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What Are the Treatments for Allergic Reaction to Alcohol?

by
author image Shemiah Williams
Shemiah Williams has been writing for various websites since 2009 and also writes for "Parle Magazine." She holds a bachelor's degree in business and technology and a master's degree in clinical psychology. Williams serves as a subject matter expert in many areas of health, relationships and professional development.
What Are the Treatments for Allergic Reaction to Alcohol?
Although enjoyable, consuming alcohol with an alcohol intolerance can cause severe symptoms. Photo Credit four wine glasses with white wine image by Arkady Ten from <a href='http://www.fotolia.com'>Fotolia.com</a>

MayoClinic.com indicates that more often than not, some people are actually experiencing alcohol intolerance when they believe they are experiencing symptoms of an alcohol allergy. Alcohol intolerance is a genetic condition characterized by the body’s difficulty in breaking down alcohol. This intolerance is caused by a deficiency in the enzyme aldehyde dehydrogenase (ALDH). This enzyme is needed to metabolize alcohol into acetic acid or vinegar. When alcohol intolerance occurs, the toxicity that occurs in the body increases; the resulting symptoms are the body’s way of ridding itself of toxins. Treatment is similar to other food allergy remedies.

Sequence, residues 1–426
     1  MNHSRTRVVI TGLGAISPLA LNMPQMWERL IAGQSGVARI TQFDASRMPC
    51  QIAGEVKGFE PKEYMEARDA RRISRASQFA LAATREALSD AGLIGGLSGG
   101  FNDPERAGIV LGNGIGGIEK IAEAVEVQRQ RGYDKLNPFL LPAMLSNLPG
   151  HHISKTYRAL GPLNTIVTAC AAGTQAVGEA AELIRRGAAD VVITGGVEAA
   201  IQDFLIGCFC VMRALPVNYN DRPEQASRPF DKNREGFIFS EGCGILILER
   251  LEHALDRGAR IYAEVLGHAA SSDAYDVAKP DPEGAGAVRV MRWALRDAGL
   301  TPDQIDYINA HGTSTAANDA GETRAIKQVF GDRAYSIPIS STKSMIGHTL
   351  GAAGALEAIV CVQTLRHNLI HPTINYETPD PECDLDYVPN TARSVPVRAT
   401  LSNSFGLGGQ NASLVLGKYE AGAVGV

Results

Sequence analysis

Antihistamines

For mild cases of alcohol intolerance, a patient’s physician may recommend he take an over-the-counter antihistamine. An antihistamine can reduce the reactive symptoms caused by the irritants in the alcohol. An antihistamine can also help to relieve symptoms of itching or the development of hives as a result of the consumption of alcohol.

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Epinephrine

In moderate to severe cases of alcohol intolerance, a patient’s physician may provide her with a prescription for epinephrine. Epinephrine is administered as a shot of adrenaline in the form of an autoinjector. An autoinjector is a syringe that resembles a pen that contains individual doses of epinephrine.



The autoinjector is inserted into the thigh for quick administration and distribution throughout the body via the femoral artery. Patients should carry an autoinjector with them at all times in the event that they consume alcohol and experience a reaction.

Inhaler

Patients with asthma who also have an alcohol intolerance report various symptoms related to difficulty in breathing. For this reason, asthma patients may be prescribed an inhaler, if they do not already use one. Similarly, asthma patients should always carry their inhaler as a point of precaution.

Abstinence

As a part of the treatment plan for alcohol intolerance, physicians generally advise patients to abstain from consuming alcohol, because the symptoms can often vary, making it difficult for the patient to seek immediate treatment.

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References

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